I'll Be Home for Christmas--
by Sue Kite
December 16th, 1000 hours UTC+8
Neera looked out over the almost park sized back yard and sighed. It had been a week and while she was happy to be home, happy that things were normal and quiet again, she continued to wonder where Andjen was; if he had gotten to his home. When asked what had happened for that four days during the storms, she had said very little. They had not pushed her, especially her parents. Indeed, Papa hadnít been home more than to make sure she was all right when she had first come home. Since then he had been back in his office. She missed him. She truly wanted to tell him about Andjen and how he had saved Grandper. And her, too, Neera realized. But Grandper said not to say anything for a few days. It had been more than a few days.
Of course, there had been Uncle Wu-jinís funeral. She couldnít say anything or even think about anything else in the days before it. All the aunts, uncles and cousins had pet, cooíed and cried over her, telling her how fortunate she was to have survived up on the mountain. They told her what a remarkable girl she was to have taken care of her sick grandfather. They praised her endlessly, patted her on the head, told Mama and Papa what a wonderful daughter she was. She wanted to tell them about her andjen, whoever he was and that it was he who had saved them. But she held her tongue and just let them talk and talk.
Then they would talk about how unfortunate it was about Uncle Wu-jin and their eyes would fill with tears. They would turn away, trying to keep her from seeing, but she knew what they were saying. Of course, she was sad about Uncle Wu-jin and wished that he hadnít died, but it irritated her how they all acted around her. Like she was still a baby. She wasnít. Then there was the actual funeral. Even television people had been there, talking about what a hero he had been. The funeral had been sad, but her Papa had said nice things about him and so had Mamaís other brother, Uncle Shonin. There had been so many people there, more than she could count. They kept saying something about an awful enemy spy killing her uncle. All the talking, all the crying. It had been terrible and had almost made her sick. Kroshna had brought her home early and she hadnít been sorry. But that was two days ago, couldnít she tell Mama now? Or Papa?
With another sigh, she left her bedroom and wandered down the hall. This had once been belonged to a king, but that was many years ago and now it was her home. Sometimes she felt she could get lost in it. So many of the rooms were huge for when her papa and mama had parties, or when Papa had big meetings. There were rooms for some of the people who took care of themóher teacher, their cook, the gardener. Some of the rooms were just empty and locked.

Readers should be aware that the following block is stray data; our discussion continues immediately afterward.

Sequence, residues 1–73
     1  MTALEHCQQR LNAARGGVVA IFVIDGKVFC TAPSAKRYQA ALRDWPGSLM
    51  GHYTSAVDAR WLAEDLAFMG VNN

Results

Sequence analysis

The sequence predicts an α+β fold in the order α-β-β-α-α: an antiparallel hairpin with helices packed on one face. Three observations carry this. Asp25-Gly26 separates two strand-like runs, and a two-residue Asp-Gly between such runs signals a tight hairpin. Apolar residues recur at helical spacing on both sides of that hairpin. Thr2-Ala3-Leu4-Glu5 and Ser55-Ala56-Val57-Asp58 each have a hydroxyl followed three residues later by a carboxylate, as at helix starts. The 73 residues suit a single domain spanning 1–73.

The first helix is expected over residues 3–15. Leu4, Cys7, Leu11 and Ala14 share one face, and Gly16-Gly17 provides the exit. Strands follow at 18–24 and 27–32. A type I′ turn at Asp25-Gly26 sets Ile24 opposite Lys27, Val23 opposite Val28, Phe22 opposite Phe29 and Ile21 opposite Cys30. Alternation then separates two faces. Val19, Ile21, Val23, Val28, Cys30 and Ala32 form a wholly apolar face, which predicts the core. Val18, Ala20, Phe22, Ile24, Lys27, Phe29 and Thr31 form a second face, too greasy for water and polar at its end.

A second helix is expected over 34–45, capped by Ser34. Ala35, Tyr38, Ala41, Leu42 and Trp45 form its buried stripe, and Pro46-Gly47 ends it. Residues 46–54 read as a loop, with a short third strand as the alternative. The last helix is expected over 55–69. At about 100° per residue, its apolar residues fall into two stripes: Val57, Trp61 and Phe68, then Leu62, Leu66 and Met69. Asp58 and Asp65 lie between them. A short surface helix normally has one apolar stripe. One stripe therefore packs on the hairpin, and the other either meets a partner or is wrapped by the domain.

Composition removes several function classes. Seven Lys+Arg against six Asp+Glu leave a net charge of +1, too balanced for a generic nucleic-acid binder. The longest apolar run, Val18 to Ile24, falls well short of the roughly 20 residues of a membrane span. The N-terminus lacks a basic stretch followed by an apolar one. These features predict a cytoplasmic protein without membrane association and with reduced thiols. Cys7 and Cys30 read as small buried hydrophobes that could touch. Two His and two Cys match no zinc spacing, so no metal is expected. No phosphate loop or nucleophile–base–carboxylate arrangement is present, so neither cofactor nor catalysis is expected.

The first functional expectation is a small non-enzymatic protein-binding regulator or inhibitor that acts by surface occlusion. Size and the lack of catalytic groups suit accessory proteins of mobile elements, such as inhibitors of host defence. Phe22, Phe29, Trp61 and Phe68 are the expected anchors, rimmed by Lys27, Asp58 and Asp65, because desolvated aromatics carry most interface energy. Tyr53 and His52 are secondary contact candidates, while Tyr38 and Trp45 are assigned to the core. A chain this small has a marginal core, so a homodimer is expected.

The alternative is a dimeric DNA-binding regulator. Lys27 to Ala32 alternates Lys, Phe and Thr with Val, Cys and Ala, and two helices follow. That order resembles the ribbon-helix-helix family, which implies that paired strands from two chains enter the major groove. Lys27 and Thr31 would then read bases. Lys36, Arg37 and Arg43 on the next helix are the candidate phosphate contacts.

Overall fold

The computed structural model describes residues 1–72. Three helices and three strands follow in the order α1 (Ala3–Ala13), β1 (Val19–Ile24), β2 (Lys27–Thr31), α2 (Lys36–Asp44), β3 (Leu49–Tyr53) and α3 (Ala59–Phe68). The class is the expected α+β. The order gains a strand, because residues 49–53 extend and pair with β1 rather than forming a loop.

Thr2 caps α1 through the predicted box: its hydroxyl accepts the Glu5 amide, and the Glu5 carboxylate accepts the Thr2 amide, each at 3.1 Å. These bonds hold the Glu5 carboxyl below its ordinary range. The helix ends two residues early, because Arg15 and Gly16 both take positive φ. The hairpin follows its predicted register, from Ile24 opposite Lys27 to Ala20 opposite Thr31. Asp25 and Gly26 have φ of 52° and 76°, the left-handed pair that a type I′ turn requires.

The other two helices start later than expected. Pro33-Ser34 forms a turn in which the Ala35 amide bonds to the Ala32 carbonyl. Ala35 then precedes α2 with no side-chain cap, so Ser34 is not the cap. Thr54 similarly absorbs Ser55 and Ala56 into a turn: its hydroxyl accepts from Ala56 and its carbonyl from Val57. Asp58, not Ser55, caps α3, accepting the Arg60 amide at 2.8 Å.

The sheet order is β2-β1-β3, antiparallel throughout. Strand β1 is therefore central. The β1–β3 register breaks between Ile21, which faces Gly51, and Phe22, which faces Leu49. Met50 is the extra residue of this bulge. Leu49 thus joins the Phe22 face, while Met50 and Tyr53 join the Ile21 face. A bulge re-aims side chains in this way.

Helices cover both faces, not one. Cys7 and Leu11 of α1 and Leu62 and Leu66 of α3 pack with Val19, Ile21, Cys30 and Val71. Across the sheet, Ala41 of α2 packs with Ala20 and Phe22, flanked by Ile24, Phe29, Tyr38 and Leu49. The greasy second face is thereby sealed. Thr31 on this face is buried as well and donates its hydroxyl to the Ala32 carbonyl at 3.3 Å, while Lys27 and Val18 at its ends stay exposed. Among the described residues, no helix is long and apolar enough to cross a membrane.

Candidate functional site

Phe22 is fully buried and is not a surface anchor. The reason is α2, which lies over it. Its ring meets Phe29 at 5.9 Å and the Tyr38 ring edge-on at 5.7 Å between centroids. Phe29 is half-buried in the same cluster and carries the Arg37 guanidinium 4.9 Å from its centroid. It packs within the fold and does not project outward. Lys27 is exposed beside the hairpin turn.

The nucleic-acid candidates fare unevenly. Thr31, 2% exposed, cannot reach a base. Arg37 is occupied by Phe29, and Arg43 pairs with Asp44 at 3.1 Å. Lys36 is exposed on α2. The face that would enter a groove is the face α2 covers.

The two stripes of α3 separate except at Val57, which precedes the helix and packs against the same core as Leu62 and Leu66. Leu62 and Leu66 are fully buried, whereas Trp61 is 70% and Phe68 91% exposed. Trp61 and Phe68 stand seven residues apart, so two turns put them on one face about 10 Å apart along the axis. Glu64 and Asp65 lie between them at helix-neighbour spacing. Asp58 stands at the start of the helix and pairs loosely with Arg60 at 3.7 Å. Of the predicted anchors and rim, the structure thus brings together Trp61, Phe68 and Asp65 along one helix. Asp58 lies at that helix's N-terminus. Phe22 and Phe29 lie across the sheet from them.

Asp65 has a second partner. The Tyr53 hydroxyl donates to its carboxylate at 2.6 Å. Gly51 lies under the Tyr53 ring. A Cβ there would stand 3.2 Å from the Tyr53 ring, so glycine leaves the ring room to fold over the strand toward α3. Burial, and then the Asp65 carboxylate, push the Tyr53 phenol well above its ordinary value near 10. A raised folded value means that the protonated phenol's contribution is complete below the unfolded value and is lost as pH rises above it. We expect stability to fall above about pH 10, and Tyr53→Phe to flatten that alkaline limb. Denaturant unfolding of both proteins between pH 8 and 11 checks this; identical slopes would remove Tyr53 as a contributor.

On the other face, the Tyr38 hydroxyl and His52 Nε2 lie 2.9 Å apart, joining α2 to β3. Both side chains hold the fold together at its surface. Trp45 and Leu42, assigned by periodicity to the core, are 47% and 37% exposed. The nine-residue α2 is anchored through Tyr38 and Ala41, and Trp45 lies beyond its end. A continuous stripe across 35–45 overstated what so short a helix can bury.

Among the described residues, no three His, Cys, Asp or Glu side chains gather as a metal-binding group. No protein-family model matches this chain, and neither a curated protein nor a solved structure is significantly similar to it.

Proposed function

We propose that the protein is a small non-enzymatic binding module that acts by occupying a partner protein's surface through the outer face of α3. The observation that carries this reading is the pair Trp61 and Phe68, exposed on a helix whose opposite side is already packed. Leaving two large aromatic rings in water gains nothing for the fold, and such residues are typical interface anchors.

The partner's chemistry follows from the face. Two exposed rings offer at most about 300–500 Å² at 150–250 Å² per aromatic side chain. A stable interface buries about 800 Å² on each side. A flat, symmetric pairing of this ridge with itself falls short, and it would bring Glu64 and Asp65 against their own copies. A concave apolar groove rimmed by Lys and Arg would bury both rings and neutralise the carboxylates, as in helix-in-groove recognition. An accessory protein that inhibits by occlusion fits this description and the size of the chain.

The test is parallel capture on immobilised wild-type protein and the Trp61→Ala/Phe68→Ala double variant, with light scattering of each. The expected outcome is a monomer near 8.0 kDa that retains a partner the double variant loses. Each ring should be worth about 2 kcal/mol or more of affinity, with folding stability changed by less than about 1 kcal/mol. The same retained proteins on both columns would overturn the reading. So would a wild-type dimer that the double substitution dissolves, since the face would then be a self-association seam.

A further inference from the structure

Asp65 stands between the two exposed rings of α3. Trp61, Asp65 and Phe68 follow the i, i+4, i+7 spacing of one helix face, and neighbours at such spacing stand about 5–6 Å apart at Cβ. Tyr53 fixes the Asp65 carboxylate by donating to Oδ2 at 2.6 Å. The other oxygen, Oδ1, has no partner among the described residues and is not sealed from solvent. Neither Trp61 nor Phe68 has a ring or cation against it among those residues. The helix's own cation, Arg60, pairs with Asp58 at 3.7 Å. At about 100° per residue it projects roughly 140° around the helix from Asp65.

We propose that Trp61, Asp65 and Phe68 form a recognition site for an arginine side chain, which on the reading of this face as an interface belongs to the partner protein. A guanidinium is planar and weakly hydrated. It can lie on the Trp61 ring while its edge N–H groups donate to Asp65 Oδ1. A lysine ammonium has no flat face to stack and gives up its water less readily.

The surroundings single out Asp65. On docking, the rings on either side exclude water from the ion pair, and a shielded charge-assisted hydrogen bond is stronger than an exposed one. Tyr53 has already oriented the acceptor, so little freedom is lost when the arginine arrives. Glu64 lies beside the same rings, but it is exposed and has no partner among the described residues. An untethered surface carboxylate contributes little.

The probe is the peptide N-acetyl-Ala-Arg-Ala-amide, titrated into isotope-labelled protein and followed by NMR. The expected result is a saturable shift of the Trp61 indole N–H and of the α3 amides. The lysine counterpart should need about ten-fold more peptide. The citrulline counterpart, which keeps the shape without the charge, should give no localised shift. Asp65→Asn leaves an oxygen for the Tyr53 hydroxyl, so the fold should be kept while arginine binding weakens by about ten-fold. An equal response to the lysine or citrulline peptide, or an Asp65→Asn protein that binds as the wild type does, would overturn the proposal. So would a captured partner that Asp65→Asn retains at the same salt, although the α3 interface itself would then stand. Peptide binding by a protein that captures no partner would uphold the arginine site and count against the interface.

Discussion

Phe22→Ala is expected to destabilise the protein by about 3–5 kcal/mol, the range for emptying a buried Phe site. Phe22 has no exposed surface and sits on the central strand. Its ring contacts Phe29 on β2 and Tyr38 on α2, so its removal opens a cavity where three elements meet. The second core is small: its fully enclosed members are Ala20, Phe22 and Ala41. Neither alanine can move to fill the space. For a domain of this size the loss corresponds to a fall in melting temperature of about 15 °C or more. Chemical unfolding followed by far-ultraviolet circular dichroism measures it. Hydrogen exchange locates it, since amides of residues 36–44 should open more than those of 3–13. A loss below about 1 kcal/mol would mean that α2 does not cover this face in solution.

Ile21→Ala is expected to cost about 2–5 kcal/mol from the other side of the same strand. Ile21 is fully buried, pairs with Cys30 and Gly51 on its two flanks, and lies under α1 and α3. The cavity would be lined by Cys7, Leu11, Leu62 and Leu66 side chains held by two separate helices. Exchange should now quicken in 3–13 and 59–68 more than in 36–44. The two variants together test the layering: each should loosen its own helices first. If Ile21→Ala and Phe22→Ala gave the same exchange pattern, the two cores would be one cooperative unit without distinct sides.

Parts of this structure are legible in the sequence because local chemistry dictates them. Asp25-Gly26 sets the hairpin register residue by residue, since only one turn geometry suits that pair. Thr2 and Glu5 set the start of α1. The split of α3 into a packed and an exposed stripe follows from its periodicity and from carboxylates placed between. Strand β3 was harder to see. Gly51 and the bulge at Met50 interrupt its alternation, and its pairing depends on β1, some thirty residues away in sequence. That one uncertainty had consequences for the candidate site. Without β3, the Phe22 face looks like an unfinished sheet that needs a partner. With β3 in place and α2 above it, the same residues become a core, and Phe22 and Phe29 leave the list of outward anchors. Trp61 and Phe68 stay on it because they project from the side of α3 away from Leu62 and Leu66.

She felt lonely back here. There were times she wished she was back in Grandperís little cabin listening to his and Andjenís stories. Some of what he said had sounded so fun. How his father would put him on his shoulders to put a star on top of a very large Christmas tree, how he and his friends would play ice hockey on a frozen pond. Then there was the story of how a friend of his named Chip had dared him to climb up a flagpole just before Christmas one year and put a Santa hat on top, then had dared him to paint a face under the hat. She had laughed at that one. Andjen said he was in college that time and most of his friends liked to play silly things like that. He had talked about the ocean and how beautiful it was, about putting a Christmas tree on a boat and everyone putting on an ornament they had made.
"Are you all right, Neera, dear?" Mama asked.
Neera started. She had been thinking so hard she hadnít heard any footsteps echoing in the big hall. "Yes, Iím fine, Mama." She turned to her mother. "Can I go see Grandper today? I mean, surely heís well enough by now." To herself, she thought he had been well enough before, but she had been ignored during the time of the funeral. Everyone had been too busy.
"Iíll check and see if the doctors will allow it. If they say yes, we will go to the hospital and visit."
"And when is Papa going to come home?"
Mama sighed this time. "Neera, darling. Papa is very busy. There are so many things going on. Things with the court, his upcoming trip."
"Will he see the ocean when he goes on his trip?" she asked, still thinking about Andjenís stories about the ocean. He had told her many during the first long day after he had come.
"Why yes, he will," Mama replied. "Why do you ask?"
"I want to go, too. I have never seen the ocean and I want to see if itís as pretty as AnÖ. As pretty as people say."
"I doubt heíll let you go with him. These trips arenít for a little girl like you, dear."
Neera felt like stomping her foot, but knew it wouldnít help, not with Mama and certainly not with Papa. "You go with him," was all she said in reply.
"Yes, because I am his wife. I am expected to go. But with you itís different," she tried to explain.
Mama sighed again. Seemed to Neera that they were all sighing today. "Iíll let your father explain that to you. Personally I would enjoy you coming, but there are things that make that difficult."
And Neera knew that was that. She would make sure to ask Papa when he finally came home, because by then, Mama would most likely forget. "Do you believe in angels?"